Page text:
Preoperative stimulation of resolution and inflammation blockade eradicates micrometastases.
Cancer therapy is a double-edged sword, as surgery and chemotherapy can induce an inflammatory/immunosuppressive injury response that promotes dormancy escape and tumor recurrence. We hypothesized that these events could be altered by early blockade of the inflammatory cascade and/or by accelerating the resolution of inflammation. Preoperative, but not postoperative, administration of the nonsteroidal antiinflammatory drug ketorolac and/or resolvins, a family of specialized proresolving autacoid mediators, eliminated micrometastases in multiple tumor-resection models, resulting in long-term survival. Ketorolac unleashed anticancer T cell immunity that was augmented by immune checkpoint blockade, negated by adjuvant chemotherapy, and dependent on inhibition of the COX-1/thromboxane A2 (TXA2) pathway. Preoperative stimulation of inflammation resolution via resolvins (RvD2, RvD3, and RvD4) inhibited metastases and induced T cell responses. Ketorolac and resolvins exhibited synergistic antitumor activity and prevented surgery- or chemotherapy-induced dormancy escape. Thus, simultaneously blocking the ensuing proinflammatory response and activating endogenous resolution programs before surgery may eliminate micrometastases and reduce tumor recurrence.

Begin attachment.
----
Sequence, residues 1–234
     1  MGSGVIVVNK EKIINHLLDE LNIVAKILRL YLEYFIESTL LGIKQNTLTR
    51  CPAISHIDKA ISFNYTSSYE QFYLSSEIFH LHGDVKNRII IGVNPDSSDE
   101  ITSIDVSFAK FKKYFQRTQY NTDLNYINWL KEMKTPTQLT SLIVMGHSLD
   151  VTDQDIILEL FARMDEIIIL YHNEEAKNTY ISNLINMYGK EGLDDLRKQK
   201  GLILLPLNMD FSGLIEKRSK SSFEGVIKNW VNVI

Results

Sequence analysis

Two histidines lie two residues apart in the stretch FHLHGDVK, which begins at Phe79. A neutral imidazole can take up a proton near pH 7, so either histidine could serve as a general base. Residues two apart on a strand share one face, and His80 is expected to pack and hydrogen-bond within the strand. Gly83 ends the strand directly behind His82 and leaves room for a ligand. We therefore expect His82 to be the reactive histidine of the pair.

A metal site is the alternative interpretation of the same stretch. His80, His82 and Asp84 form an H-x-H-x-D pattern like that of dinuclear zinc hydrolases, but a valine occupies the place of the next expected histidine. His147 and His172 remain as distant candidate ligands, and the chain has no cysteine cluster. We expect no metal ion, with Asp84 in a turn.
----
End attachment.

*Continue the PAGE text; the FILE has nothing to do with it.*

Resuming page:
Panigrahy, D; Gartung, A; Yang, J; Yang, H; Gilligan, MM; Sulciner, ML; Bhasin, SS; Bielenberg, DR; Chang, J; Schmidt, BA; Piwowarski, J; Fishbein, A; Soler-Ferran, D; Sparks, MA; Staffa, SJ; Sukhatme, V; Hammock, BD; Kieran, MW; Huang, S; Bhasin, M; Serhan, CN; Sukhatme, VP
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